When it comes to nature and the environment, we all have our own thoughts and views about what our role is. Some of us just have a way of connecting with animals and in a way that protects them without getting in their way. In St Ives, England, Rob Adamson is one such nature lover whose awareness seems to have finally paid off. At Jones Boatyard where he lives and works, Rob has watched for nearly 10 years as a swan’s eggs are repeatedly pillaged by foxes or taken by floods. When the Great Ouse river began to flood again this year, he just couldn’t allow it to happen again. Rob decided to take matters into his own hands quite literally and save the swan’s eggs from the rising water. As it happens, his gesture was very well received by the pair of swans.
He somehow felt responsible
After all those years, Rob felt sympathy for the mother swan’s eggs. “She is the unluckiest swan; I needed to make sure they survived.” He knew to leave wildlife alone, but somehow he felt compelled this time. “You’re not supposed to interfere, but it had got to the point where they were all going to die,” he admitted. The thought bothered him. “I couldn’t go to bed knowing that,” Rob revealed. “I knew I would regret it if I didn’t do anything to save them.” Luckily the swans weren’t hostile when Rob approached; he said that “the dad was watching too, but neither of them attacked me.” He continued, saying, “I think they knew it was their best chance.“Rob Adamson, BBC News
42-year-old Rob Adamson lives on a narrowboat off the Great Ouse. Late one night, he saw that the water had risen high and was getting steadily closer to where the swan’s nest was. So without wasting more time, he stepped in with a raft he quickly put together in the dark. Rob then somehow managed to transfer the resting mother swan and all 9 of the swan’s eggs onto this more stable platform he had built. The raft even had a length of rope attached, so it could be moved if necessary. What was astounding is that the pair of swans welcomed this intervention from Rob without any hostility. Swans are known to be territorial and protective when nesting, so it’s interesting that they trusted him and didn’t see him as a threat.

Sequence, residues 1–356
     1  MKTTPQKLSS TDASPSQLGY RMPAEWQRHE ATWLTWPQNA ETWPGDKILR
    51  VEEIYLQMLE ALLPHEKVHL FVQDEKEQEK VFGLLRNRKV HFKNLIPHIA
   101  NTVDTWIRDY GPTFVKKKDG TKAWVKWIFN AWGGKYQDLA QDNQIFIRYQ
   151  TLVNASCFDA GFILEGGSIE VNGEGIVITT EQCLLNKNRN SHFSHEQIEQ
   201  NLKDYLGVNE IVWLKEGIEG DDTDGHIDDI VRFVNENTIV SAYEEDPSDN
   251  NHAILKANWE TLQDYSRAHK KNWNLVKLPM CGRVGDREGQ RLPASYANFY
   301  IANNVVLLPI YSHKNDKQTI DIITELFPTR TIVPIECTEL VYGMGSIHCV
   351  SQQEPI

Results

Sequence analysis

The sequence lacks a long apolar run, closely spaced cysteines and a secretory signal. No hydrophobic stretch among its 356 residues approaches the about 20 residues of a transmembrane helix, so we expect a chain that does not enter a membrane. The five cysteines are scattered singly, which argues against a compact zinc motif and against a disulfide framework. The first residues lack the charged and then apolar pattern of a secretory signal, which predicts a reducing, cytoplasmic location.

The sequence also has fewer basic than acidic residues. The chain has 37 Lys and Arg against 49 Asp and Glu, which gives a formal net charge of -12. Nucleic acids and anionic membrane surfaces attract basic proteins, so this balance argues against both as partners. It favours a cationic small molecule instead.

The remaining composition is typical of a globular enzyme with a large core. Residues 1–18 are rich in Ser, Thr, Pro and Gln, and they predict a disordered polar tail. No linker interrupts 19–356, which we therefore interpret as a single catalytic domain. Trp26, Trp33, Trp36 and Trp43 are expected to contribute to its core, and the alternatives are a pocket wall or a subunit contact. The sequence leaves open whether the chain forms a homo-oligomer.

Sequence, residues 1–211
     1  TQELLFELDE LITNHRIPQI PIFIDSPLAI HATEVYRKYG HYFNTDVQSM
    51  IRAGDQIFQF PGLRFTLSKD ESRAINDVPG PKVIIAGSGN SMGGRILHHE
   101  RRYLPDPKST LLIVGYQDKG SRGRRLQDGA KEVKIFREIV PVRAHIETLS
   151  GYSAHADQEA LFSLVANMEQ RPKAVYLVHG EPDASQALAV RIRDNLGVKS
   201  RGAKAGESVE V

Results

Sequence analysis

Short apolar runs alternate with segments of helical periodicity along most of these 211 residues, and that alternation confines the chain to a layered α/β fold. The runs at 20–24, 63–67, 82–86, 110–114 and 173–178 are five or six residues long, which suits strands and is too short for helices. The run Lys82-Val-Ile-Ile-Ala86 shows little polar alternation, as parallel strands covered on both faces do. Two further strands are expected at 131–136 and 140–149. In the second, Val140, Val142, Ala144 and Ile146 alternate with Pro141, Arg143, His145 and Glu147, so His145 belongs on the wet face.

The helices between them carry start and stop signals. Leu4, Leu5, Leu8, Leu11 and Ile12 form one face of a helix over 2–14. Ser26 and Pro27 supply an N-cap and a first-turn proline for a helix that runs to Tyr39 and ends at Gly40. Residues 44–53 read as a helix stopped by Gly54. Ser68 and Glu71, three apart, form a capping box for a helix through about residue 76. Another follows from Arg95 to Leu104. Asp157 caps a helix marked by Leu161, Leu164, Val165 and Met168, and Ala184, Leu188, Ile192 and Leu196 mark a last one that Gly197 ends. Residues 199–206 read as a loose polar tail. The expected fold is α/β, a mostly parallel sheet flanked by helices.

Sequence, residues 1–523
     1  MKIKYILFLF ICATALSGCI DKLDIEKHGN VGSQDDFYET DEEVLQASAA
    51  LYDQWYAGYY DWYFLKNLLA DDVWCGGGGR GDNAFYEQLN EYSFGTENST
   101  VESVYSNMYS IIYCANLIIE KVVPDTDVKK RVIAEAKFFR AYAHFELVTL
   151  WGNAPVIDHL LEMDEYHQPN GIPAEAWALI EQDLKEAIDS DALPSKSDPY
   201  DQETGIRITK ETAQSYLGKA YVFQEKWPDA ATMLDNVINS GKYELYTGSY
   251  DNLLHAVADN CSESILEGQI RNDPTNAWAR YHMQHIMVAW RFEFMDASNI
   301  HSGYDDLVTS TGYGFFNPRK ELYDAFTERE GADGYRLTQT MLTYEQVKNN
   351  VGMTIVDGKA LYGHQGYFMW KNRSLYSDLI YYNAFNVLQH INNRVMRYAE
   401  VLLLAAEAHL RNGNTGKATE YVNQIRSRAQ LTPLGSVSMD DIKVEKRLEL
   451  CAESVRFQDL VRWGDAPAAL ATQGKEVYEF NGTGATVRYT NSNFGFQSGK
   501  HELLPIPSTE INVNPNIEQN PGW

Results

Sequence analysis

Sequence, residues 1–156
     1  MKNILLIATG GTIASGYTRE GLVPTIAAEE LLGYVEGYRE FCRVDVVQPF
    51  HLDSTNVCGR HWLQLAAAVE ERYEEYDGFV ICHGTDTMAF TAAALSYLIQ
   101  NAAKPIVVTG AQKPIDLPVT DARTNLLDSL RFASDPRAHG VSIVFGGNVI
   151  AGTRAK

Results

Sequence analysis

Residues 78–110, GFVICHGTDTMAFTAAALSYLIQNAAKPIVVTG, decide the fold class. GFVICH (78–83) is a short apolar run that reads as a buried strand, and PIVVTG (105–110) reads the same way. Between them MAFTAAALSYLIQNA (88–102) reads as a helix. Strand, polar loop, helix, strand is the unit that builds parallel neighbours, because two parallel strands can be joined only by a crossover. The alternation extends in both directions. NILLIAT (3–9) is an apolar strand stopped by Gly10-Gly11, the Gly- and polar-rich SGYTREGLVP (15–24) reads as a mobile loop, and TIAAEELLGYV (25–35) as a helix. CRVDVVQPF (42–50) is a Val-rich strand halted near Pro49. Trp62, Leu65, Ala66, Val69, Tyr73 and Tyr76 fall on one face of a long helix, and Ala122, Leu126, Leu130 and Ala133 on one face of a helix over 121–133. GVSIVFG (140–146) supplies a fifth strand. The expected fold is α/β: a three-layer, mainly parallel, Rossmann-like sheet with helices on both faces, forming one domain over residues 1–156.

“The swan man” saved the day
In the past, Rob, who soon become known to locals as “the swan man,” had raised a stray cygnet he called Sid. He developed a special bond with Sid, saying, “After Sid, I’ve got a special place in my heart for swans.” Rob said he’d “been watching this pair fail for the last 10 years.” He felt protective of them, saying that “I knocked up a fence to keep the foxes out.” Rob was adamant, saying, “I just really want them to make it this time.” He expects the swan’s eggs will hatch soon and felt a sense of belonging watching over the swans. “This is why I am here, living on the water. I’m in dreamland with all the wildlife,” said Rob. He felt complete and freely admitted, “I wouldn’t swap my boat for a £10m house.“Rob Adamson, BBC News
Rob’s efforts were appreciated by locals in the area, who were also taken by surprise at the Great Ouse’s rising water levels. The Jones Boatyard expressed their gratitude on Facebook and commended his actions. It takes a certain level of awareness to look out for others in times of crisis, and Rob showed that a small act of kindness can make a big impact on the lives of animals. His bond with Sid the cygnet and the way he protected the swan’s eggs is certainly something we can all admire.